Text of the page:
And when a pre-retirement investment choice between a market-linked balanced investment portfolio or a capital-guaranteed, smoothed bonus portfolio is added to the DC/DB ratio mix, the results become even more pronounced (see table 3; link at the end of this article).
The members who have done the best, on average, are those who switched from a DB fund with their actuarial reserve plus a sweetener of 20 percent and invested in a market-linked balanced fund, while the worst off are those who received their actuarial reserve only and then invested in a capital-guaranteed, smoothed bonus portfolio.
Defined benefit (DB) fund. A fund that guarantees you an annual pension at retirement, which is usually calculated as your final annual salary multiplied by the number of years of fund membership multiplied by a factor of normally between 1.5 and two percent. The pension is normally guaranteed by the employer, who is required to make up any shortfall in the fund. If there is a shortfall in the fund, it is unlikely that you will receive annual pension increases, which are discretionary. This means your pension will decline in real, after-inflation values.
Defined contribution (DC) fund. Your contributions to your fund as well as those of your employer are defined in the rules of the fund. At retirement you receive all contributions plus investment growth with which to buy a pension. The amount you receive at retirement is not guaranteed.
DB/DC ratio. The ratio is based on the value of one. Anything above one is to the advantage of members switching to a DC fund and anything below one is to the disadvantage of members switching to a DC fund.
Actuarial reserve. The actuarial reserve of a member in a DB fund has little to do with contributions or investment returns. It is the amount that it is estimated will be required to fund your pension (based on service accrued up to the date of calculation) at retirement. In the early years of membership, your actuarial reserve is likely to be below what is contributed in your name, because it is not anticipated that many members will still be around at retirement age after 40 years of membership. However, the closer you get to retirement, the more steeply your actuarial reserve value will climb.
DC shortfall. As an alternative to a flat percentage increase to actuarial reserve as a transfer value for people who switched from DB to DC funds, some funds considered the difference in projected retirement value in the DC fund, taking into account a transfer of the actuarial reserve and future member and employer contributions, and the benefits that would have been attained in the DB fund. The DC shortfall was the value of any deficit in projected DC fund benefits and was added to the actuarial reserve on transfer to the DC fund.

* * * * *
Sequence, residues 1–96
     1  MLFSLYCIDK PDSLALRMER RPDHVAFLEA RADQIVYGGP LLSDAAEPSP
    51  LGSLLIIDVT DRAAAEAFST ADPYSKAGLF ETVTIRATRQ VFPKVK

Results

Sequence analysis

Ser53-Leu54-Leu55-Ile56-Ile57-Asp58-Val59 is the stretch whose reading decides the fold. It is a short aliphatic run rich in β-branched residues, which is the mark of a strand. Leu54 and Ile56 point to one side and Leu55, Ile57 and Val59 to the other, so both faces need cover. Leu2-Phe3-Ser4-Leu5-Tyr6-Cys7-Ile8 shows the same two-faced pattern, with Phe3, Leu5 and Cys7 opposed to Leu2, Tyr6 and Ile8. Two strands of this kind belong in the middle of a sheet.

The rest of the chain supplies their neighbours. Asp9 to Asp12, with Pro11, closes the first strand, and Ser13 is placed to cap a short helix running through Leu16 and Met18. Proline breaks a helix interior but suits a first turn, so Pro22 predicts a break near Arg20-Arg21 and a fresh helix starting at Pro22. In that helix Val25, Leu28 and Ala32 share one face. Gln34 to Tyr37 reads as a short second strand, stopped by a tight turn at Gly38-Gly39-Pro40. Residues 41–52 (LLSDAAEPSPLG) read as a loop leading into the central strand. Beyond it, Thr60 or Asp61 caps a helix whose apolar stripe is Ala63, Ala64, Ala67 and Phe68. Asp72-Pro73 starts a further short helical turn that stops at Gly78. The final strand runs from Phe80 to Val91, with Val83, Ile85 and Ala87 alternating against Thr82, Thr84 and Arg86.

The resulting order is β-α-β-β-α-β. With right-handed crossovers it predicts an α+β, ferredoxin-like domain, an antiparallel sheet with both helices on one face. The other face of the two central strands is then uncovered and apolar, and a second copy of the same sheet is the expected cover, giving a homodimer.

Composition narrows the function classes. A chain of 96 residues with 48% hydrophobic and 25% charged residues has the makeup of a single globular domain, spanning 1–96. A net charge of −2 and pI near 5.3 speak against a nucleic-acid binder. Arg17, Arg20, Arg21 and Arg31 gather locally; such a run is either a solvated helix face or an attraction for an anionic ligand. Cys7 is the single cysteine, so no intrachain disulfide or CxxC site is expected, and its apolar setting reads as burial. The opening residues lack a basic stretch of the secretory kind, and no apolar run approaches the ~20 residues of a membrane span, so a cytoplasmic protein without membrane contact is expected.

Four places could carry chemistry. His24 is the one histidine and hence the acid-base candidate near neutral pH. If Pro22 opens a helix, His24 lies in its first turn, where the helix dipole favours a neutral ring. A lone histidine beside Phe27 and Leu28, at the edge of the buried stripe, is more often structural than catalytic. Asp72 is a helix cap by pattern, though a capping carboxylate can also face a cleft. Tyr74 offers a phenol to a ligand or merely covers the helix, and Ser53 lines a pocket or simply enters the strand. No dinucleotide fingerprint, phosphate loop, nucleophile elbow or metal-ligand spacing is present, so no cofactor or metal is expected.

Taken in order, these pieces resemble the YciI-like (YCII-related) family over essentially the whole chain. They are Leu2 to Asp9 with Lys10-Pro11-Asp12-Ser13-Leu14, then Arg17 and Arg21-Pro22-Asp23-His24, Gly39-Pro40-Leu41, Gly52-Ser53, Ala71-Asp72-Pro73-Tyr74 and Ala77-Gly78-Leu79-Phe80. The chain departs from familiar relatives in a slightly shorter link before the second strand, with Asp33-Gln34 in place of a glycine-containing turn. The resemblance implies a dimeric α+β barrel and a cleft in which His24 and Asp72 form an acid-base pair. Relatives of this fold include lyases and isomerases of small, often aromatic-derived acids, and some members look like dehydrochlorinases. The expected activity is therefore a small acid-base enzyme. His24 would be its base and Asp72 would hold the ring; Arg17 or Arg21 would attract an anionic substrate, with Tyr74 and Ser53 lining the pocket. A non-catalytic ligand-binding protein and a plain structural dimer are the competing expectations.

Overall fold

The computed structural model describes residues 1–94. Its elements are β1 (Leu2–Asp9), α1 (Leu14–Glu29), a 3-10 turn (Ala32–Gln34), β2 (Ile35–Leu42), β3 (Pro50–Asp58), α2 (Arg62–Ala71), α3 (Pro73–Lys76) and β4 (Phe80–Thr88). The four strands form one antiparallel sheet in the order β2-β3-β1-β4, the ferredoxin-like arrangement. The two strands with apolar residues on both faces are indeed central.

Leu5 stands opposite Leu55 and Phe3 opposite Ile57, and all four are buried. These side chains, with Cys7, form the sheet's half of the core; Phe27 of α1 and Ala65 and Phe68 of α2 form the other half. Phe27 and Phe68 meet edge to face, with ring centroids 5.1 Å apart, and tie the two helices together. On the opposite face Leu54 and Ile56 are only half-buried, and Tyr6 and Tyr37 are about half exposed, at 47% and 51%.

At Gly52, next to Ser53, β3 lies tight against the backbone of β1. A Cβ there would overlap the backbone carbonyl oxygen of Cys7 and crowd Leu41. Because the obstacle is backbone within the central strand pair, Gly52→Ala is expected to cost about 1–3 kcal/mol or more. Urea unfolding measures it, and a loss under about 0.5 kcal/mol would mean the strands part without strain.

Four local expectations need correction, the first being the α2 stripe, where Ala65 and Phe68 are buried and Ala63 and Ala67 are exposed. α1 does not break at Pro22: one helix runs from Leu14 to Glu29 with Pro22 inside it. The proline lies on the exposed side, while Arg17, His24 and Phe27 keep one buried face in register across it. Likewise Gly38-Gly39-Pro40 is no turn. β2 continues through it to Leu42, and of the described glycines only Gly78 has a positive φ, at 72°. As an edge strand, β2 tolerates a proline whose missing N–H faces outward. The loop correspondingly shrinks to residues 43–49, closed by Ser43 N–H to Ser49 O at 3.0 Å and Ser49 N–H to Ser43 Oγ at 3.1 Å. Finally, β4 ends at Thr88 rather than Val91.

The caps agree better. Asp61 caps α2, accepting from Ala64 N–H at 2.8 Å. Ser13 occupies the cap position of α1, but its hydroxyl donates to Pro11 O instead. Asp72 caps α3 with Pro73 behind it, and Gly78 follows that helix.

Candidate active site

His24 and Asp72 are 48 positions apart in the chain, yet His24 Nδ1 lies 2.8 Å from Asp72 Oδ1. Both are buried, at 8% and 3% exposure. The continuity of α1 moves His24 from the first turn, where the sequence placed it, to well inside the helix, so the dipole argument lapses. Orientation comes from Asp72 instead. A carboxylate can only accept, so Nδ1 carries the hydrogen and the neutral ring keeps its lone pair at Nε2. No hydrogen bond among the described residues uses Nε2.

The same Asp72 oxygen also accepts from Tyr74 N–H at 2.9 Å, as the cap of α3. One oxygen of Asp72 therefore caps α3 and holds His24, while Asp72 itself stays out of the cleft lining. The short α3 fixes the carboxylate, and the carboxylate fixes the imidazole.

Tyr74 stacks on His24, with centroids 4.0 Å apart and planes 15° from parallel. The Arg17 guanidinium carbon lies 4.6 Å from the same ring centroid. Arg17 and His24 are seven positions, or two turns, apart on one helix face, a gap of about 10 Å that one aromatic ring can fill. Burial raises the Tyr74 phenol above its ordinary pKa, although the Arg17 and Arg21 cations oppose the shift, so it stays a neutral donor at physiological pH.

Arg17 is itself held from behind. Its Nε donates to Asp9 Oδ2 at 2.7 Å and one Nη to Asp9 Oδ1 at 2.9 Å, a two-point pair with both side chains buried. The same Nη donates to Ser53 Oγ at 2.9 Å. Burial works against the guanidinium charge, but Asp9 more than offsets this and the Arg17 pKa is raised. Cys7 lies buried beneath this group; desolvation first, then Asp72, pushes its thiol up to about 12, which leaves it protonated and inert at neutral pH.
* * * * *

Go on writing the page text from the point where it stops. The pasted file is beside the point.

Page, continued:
Volatility. The propensity of an investment to go up and down in value.
Balanced portfolio. A market-linked investment portfolio that invests mainly across the asset classes of cash, property, bonds and equities. The proportion of each asset class in a balanced portfolio used by a retirement fund is limited by regulation 28 of the Pension Funds Act, which ensures reduced risk through the diversification of underlying investments.
Smoothed/stable bonus portfolio. The main features are: your capital is fully or partially guaranteed; returns are declared by way of bonuses, which may or may not be added to the guaranteed capital; and in good years some of the returns are held back to be used when investment market returns are poor to smooth investment performance. The advantage is that if markets crash shortly before your retirement day, your retirement savings will not lose value or the losses will be limited.
FUND MEMBER CASE STUDIES
The case studies look at three hypothetical members: a best-case scenario, a break-even scenario and a worst-case scenario. All three case studies are based on the DC/DB ratio, which provides an indication of outcomes, with any result above one being favourable for the member and any result below one being unfavourable for the member.
Case study 1: Highest DC/DB ratio
A woman aged 50 at conversion on July 1, 1992, from DB to DC, after 30 years' membership. She received her actuarial reserve plus a 20-percent sweetener and invested in a market-linked balanced portfolio. She retired on June 30, 2007 with a DC/DB ratio of 2.225.